Two Estonian-born men are on trial, being tried on charges of supporting the terrorist group, the Islamic State (also known as Daesh, ISIL or ISIS, to make matters fairly confusing). The trial began at a Tallinn court on Monday, Nov. 23, and both men pleaded not guilty.
After the summary of charges was read out to Ramil Khalilov, 25, and Roman Manko, 30, both parties said they understood the charges but pleaded not guilty to financing and supporting crimes of terrorism.
Khalilov and Manko were detained by the Internal Security Service (ISS) in April 2015, and are Estonian-born Russian citizens.
According to the charges, the men supported the activity of Ivan Sazanakov, a former resident of Estonia who in 2013 left for Syria to fight with ISIS.
The prosecution said that from 2013 onwards, Khalilov more than once asked acquaintances for money for Sazanakov, knowing that the latter could use it to finance terrorism.
In Syria in Oct. 2013, Khalilov gave Sazanakov at least 500 euros in cash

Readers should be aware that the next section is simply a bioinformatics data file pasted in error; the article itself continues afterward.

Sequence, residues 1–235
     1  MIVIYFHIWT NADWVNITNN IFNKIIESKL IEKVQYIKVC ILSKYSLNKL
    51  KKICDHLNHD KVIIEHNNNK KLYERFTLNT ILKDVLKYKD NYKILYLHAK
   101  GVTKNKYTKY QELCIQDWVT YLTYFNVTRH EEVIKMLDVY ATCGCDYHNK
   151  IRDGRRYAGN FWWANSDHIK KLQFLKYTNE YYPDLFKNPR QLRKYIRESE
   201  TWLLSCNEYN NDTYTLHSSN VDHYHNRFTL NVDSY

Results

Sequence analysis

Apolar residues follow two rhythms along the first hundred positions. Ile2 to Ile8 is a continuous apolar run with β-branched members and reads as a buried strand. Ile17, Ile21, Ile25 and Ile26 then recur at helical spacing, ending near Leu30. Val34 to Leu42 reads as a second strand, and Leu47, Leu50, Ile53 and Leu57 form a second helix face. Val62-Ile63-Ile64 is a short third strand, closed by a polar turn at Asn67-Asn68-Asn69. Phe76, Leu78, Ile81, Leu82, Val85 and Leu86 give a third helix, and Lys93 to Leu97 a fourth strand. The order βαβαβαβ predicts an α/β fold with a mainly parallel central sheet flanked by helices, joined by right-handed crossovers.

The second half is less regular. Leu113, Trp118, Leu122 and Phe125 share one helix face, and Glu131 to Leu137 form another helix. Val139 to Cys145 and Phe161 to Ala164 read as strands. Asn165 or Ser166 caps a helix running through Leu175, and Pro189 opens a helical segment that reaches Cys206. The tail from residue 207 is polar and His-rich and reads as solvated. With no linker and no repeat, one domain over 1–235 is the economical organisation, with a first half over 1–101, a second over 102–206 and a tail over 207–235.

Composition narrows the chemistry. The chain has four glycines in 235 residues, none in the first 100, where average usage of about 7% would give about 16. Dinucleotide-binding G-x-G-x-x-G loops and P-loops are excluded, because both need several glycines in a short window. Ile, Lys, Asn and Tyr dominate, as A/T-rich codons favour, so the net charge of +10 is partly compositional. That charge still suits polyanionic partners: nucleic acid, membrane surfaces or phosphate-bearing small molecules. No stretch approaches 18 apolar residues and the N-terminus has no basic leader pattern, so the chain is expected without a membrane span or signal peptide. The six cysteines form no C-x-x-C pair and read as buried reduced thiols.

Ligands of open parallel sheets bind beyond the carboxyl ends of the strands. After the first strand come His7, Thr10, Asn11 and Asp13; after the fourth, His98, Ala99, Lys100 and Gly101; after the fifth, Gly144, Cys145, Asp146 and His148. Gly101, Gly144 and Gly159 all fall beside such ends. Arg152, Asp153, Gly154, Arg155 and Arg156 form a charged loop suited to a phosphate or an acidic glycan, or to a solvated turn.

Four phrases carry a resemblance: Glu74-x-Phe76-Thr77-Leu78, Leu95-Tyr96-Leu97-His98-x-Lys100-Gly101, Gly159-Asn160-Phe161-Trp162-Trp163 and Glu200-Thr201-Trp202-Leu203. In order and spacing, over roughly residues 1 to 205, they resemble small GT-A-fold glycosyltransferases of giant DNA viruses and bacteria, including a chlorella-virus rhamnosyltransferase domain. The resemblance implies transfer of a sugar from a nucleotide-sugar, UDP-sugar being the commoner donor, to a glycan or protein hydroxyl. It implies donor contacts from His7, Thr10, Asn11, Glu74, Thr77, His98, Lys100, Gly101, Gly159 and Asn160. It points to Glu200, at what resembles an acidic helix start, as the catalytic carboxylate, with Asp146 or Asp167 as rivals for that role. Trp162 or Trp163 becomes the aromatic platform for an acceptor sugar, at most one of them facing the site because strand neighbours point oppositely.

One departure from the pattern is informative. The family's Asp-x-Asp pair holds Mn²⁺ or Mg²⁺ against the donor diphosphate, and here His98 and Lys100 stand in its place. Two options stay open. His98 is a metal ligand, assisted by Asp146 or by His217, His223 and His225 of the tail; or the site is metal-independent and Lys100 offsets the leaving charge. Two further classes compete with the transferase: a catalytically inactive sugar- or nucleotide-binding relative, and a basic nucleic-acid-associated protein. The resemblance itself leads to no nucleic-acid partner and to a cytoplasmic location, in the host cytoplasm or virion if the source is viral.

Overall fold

In 2014, he asked Manko on Sazanakov’s behalf to go to Latvia to raise funds to support the “holy war.”
According to the statement of charges, Manko was aware of Sazanakov’s ISIS membership.
He gave Khalilov 400 euros in cash for forwarding to Sazanakov in autumn 2013 and another 200 euros later on. In the second half of 2013, he attempted to transfer money to Sazanakov in Syria through Western Union but the transfer was not permitted for reasons independent of his will.
Pre-trial investigation established that Manko visited Riga in Feb. 2014 and solicited funds to support Sazanakov.
“Considering how dangerous terrorism is, Estonia must practice zero tolerance for supporting and financing it.
“The information collected in pre-trial investigation gives us enough grounds to accuse the men of knowing and deliberate supporting of terrorism,” said Laura Vaik, the prosecutor in charge of the case.